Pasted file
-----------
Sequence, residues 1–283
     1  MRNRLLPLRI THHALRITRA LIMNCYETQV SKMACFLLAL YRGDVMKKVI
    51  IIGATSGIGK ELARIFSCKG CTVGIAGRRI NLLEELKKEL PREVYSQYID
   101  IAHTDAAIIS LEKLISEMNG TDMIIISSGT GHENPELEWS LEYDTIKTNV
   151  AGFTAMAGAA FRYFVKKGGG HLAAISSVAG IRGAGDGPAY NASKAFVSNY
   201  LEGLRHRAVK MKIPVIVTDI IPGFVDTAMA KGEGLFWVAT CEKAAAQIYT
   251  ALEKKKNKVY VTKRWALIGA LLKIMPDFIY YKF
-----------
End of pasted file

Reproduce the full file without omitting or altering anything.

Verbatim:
Sequence, residues 1–283
     1  MRNRLLPLRI THHALRITRA LIMNCYETQV SKMACFLLAL YRGDVMKKVI
    51  IIGATSGIGK ELARIFSCKG CTVGIAGRRI NLLEELKKEL PREVYSQYID
   101  IAHTDAAIIS LEKLISEMNG TDMIIISSGT GHENPELEWS LEYDTIKTNV
   151  AGFTAMAGAA FRYFVKKGGG HLAAISSVAG IRGAGDGPAY NASKAFVSNY
   201  LEGLRHRAVK MKIPVIVTDI IPGFVDTAMA KGEGLFWVAT CEKAAAQIYT
   251  ALEKKKNKVY VTKRWALIGA LLKIMPDFIY YKF